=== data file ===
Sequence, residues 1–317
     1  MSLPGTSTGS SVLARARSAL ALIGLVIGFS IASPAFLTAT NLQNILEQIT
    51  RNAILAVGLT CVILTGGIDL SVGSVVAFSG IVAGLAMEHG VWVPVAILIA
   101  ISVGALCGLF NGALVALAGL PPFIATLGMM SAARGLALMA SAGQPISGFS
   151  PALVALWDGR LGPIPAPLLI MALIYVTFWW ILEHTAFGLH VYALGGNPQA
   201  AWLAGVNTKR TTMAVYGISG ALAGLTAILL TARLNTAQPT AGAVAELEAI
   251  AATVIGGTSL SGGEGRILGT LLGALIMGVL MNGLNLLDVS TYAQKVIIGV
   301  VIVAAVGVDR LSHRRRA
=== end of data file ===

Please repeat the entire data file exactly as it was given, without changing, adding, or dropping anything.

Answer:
Sequence, residues 1–317
     1  MSLPGTSTGS SVLARARSAL ALIGLVIGFS IASPAFLTAT NLQNILEQIT
    51  RNAILAVGLT CVILTGGIDL SVGSVVAFSG IVAGLAMEHG VWVPVAILIA
   101  ISVGALCGLF NGALVALAGL PPFIATLGMM SAARGLALMA SAGQPISGFS
   151  PALVALWDGR LGPIPAPLLI MALIYVTFWW ILEHTAFGLH VYALGGNPQA
   201  AWLAGVNTKR TTMAVYGISG ALAGLTAILL TARLNTAQPT AGAVAELEAI
   251  AATVIGGTSL SGGEGRILGT LLGALIMGVL MNGLNLLDVS TYAQKVIIGV
   301  VIVAAVGVDR LSHRRRA